1. The CSCN noted in the TIF Report that of the 100 MNCs ending in 0 available to mobile carriers, approximately 50 have been assigned, leaving an assignable pool of approximately 50 MNCs. In recognition of the limited quantity of available assignable MNCs, the CSCN initiated a TIF to update the Guideline and to recommend the appropriate steps that could be taken to ensure the efficient use of MNCs suitable for mobile carriers and their subscribers before the industry runs out of MNCs. Changes also included the addition of monitoring, relief, and jeopardy procedures. Further, the Guideline was expanded to allow the assignment of MNCs to electrical and railway infrastructure operators per the Decision.
  2. In the TIF Report, the CSCN noted that during its discussions it became evident to some CSCN participants that Electricity Canada’s initial proposal to the CSCN stating which CIO entities should be eligible to be granted MNCs was too broad. It also noted that the term “CIO” was nebulous (encompassing thousands of entities) and could result in confusion and include numerous entities that do not qualify for an MNC. Electricity Canada and the RAC agreed to revisit their CIO definition and submit an alternative definition for further CSCN discussions.
  3. Electricity Canada and the RAC subsequently proposed that the term Railway and Electrical Operators (REO) be used in place of CIO. The CSCN accepted this proposal and incorporated REO into the Guideline.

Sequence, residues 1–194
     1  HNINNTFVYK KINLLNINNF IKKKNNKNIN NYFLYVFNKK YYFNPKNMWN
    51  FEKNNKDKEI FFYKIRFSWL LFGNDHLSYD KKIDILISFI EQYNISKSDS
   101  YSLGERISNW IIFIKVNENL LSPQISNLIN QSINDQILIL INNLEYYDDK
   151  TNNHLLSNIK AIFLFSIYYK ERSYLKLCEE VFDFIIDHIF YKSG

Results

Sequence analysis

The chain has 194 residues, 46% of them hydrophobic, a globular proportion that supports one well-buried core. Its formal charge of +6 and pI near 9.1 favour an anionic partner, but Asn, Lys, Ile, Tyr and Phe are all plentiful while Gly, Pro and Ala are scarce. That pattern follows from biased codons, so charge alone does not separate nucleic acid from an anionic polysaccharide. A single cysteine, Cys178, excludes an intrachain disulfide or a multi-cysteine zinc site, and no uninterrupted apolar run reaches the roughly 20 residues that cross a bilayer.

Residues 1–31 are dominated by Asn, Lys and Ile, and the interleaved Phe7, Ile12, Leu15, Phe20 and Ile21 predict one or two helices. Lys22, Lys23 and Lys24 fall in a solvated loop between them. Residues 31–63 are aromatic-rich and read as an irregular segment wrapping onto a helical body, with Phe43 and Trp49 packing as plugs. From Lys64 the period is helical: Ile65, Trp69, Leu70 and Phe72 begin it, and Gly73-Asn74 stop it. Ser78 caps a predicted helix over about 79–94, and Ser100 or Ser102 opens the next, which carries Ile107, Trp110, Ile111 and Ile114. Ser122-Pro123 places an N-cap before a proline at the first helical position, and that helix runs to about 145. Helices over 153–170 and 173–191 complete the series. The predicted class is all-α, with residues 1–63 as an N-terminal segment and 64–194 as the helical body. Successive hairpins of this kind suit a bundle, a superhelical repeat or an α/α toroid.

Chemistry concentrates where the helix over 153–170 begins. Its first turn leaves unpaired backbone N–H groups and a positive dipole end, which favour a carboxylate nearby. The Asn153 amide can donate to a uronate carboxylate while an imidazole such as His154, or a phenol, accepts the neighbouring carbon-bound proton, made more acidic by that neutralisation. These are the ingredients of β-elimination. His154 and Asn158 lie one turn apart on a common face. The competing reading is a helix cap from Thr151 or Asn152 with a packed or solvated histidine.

4. The CSCN consulted with Innovation Science and Economic Development Canada (ISED) while developing the exhaust procedure to understand the process for Canada to acquire an additional MCC.
  5. The CSCN also reviewed and revised the Guideline in its entirety to improve its clarity. Some of the significant updates include:
    • changing the term “wireless carrier” to “mobile carrier” and revising the definitions for them;
    • differentiating MNC requirements and assignment principles between mobile carriers and wireless (fixed) carriers;
    • adding the ability for REOs to obtain MNCs;
    • adding procedures for recovering MNCs; and
    • changing the process to be followed for acquiring an additional MCC when another MCC is required, due to an exhaust of the current MCC in the future.
  6. The updated Guideline was attached to the TIF Report.

Commission’s analysis

  1. While there is, theoretically, a large number of MNCs (1,000) available for assignment, there are many different types of entities that require MNCs. However, there are limitations on what types of MNCs can be used by some carriers that reduces the actual number of useable MNCs. For instance, mobile carriers that require roaming capabilities outside of Canada are limited to 100 MNCs that end in 0. As such, it is important that the remaining MNCs be assigned appropriately in order to maximize the utilization of the Canadian MCC. The CSCN proposed revisions to the Guideline by differentiating between fixed wireless carriers and mobile carriers. Some fixed wireless carriers use protocols, such asLTE radios that require an MNC, but their subscribers do not roam onto networks outside of Canada. In these situations, MNCs ending in 0 are not required and MNCs ending in 1 to 9 can be used.
  2. The Commission is of the view, as noted by the CSCN that the use of the term “CIO” in the Guideline could be problematic, as it could cause confusion in determining whether an entity is eligible for an MNC or the type of MNC. The result could be the premature exhaust of Canada’s MCC.